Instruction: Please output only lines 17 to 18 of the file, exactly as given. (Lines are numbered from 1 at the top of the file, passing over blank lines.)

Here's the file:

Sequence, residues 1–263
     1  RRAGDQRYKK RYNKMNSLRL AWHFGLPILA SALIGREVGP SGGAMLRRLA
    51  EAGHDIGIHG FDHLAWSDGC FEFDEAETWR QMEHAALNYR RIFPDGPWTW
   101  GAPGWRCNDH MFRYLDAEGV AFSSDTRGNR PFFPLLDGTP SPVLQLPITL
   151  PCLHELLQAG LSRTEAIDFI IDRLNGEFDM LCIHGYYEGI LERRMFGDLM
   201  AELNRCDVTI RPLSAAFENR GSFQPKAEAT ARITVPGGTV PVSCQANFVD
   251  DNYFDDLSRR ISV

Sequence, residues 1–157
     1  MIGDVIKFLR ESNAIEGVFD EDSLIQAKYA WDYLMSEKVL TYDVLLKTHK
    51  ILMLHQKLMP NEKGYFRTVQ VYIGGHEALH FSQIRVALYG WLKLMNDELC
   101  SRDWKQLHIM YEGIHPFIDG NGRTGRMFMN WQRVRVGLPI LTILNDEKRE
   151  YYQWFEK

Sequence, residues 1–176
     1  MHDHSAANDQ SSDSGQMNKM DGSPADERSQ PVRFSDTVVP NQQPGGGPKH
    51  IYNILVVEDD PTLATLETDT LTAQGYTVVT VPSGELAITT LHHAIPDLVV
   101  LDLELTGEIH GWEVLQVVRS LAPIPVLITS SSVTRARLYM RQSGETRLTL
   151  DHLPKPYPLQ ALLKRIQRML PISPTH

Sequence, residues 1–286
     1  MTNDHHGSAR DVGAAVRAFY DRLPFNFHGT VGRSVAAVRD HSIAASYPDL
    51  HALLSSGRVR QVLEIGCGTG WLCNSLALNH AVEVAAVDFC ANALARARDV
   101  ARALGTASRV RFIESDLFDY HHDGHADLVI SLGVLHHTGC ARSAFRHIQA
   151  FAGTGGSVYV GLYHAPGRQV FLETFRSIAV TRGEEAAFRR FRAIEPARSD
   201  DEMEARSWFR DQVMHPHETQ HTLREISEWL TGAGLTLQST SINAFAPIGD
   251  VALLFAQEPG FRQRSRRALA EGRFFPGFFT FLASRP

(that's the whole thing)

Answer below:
   151  DHLPKPYPLQ ALLKRIQRML PISPTH

Sequence, residues 1–286